By RICK WILLIAMS,
Since December 2011, the private owners in Oakwood Park, through the Oakwood Property Owners Association, have been working in earnest with the Oakwood Foundation’s court appointed receiver, Ian Rolland, to attempt to work out a compromise regarding the private owners’ lake access and green space rights that have been enjoyed by them and many of their parents and grandparents for more than 100 years.
To recognize the long history of such use and enjoyment, and to safeguard these rights in the future, these rights were memorialized in a covenant approved by the Oakwood Foundation and recorded in July 2004. During the long history of Oakwood Park, the private owners have enjoyed a long and mutually beneficial relationship with the Evangelical Church, the Evangelical United Brethren Church and the United Methodist Church.
Because they were not-for-profit entities, through the years these owners sold lots within Oakwood Park to the private owners for the purpose of raising money for improvements to the park. In addition, the private owners helped these not-for-profits by routinely paying assessments to help maintain Oakwood Park.
As in the case of all previous owners of Oakwood Park, it is both anticipated and expected the private owners will continue to have the same good neighbor relationship with Dr. Rex Parent and his sons, who now have Oakwood Park under option to purchase.
Unfortunately, negotiations have stalled. While the private owners are willing to relinquish a number of the rights they have routinely enjoyed within Oakwood Park through the generations, agreement has not been reached as to the degree of reduction to certain fundamental rights granted to the private owners, including specifically, the right to use the “beach and swimming area” around the Oakwood Inn (now 790 foot, but 30 foot under the receivers and buyers last proposal), as well as the continued right to lease pier space in the channels of Oakwood Park. Each of these rights was specifically further recognized and memorialized by the foundation in the 2004 covenants.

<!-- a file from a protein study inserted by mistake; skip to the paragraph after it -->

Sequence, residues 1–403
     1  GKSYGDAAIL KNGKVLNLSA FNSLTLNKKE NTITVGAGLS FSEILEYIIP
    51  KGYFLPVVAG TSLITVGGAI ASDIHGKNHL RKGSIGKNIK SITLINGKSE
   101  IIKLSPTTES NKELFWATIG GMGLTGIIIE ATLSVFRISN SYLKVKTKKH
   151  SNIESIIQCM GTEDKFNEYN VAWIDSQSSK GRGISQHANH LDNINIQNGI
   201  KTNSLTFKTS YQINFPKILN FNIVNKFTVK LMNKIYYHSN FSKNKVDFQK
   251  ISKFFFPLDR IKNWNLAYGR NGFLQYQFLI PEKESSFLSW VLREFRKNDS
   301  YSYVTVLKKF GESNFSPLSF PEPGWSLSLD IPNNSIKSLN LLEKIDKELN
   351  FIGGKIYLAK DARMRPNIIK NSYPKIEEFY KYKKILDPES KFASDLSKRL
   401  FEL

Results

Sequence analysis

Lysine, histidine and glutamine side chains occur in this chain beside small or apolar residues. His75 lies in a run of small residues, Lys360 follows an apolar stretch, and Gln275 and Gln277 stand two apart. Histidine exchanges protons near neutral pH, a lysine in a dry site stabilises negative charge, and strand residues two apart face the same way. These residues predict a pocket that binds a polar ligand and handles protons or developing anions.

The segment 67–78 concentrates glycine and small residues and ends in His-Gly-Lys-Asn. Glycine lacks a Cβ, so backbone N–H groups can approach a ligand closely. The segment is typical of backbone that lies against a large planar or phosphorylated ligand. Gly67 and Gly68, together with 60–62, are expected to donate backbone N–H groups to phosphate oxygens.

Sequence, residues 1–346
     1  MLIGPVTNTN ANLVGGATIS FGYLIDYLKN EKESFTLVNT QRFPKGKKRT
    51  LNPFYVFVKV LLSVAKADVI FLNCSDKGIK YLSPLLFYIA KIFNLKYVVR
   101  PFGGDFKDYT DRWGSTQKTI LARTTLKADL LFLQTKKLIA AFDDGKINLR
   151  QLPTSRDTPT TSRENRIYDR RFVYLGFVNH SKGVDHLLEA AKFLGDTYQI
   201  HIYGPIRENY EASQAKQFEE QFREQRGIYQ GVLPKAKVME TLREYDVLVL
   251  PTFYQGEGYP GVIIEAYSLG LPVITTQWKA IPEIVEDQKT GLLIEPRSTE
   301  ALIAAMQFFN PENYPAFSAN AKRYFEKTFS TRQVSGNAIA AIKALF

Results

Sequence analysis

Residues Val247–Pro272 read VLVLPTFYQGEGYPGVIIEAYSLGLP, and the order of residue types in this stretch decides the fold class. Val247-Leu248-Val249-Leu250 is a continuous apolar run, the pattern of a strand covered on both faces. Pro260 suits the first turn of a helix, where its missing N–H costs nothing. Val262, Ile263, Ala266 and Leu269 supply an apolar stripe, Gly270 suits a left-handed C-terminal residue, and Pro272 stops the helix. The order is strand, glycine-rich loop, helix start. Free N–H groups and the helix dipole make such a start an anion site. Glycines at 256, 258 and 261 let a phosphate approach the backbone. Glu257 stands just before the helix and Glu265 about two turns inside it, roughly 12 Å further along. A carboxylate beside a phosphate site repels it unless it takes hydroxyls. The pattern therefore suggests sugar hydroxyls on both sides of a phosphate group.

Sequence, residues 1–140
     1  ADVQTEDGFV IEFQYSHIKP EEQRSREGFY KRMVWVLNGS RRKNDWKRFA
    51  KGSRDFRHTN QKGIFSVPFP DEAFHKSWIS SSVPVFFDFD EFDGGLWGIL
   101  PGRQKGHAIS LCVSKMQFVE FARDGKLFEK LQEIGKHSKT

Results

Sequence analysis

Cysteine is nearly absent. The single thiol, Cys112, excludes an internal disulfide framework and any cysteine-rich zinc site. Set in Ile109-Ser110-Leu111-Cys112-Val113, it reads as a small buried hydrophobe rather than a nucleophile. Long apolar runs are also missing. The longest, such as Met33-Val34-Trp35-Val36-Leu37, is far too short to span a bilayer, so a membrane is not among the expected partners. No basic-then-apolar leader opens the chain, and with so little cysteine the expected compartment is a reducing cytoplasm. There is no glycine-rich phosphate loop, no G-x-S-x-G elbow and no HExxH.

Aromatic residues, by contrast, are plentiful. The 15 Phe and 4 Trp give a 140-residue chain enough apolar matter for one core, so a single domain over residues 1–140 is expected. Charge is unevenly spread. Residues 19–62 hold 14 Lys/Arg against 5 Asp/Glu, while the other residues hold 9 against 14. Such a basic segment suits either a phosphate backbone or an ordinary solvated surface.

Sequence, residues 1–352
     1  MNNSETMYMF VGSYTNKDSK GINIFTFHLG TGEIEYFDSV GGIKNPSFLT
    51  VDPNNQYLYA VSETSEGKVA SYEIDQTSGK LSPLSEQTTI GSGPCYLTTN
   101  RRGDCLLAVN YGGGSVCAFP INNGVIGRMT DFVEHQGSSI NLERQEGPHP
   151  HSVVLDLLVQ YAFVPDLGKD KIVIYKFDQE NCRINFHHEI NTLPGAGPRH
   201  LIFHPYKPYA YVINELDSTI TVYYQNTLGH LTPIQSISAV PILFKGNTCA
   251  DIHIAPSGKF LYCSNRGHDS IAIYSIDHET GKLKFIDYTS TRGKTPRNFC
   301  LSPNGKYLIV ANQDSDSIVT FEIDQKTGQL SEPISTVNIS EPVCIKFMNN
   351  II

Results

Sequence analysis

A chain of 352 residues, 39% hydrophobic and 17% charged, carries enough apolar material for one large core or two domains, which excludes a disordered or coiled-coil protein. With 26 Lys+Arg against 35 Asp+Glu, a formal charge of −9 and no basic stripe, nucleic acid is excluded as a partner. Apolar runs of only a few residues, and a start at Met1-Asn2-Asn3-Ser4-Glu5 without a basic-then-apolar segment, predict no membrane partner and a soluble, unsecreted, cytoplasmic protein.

The private owners in Oakwood Park, through the OPOA, have been and continue to be willing to negotiate with both the receiver and Parent and his sons to reach a reasonable compromise concerning reductions to the rights enjoyed through the years by the private owners. OPOA understands for the park to be successful, Parent and his sons will need to make a profit in Oakwood.
This realization is at the forefront of all of the compromises offered in negotiations by the OPOA. The private owners have been told if a reasonable compromise cannot be reached, the receiver may take unilateral action to remove or seriously erode the rights of the private owners to use and enjoy certain areas of the park, which will adversely affect the private owners’ property values they have worked so hard to build and preserve.
In a statement made by the president of the OPOA, Rick Williams wanted to emphasize it is the strong preference of the OPOA and the private owners to be good neighbors to the Parent family and the Syracuse community. They want to be allies of Parent and his sons as they seek to restore the Oakwood Inn and Oakwood Park.
During the decades, the private owners, in addition to paying their monetary assessments to help the not-for-profit owner maintain the park, have donated thousands of hours and substantial funds to maintaining the beauty and structural integrity of the park and its cottages. “We look forward to the restoration of that beauty and to a vibrant and thriving Oakwood under the ownership of the Parent family, and we are confident that can and will happen without serious erosion of profoundly meaningful rights which are set forth in the 2004 Covenants and which have been exercised and treasured by Oakwood property owners for decades.”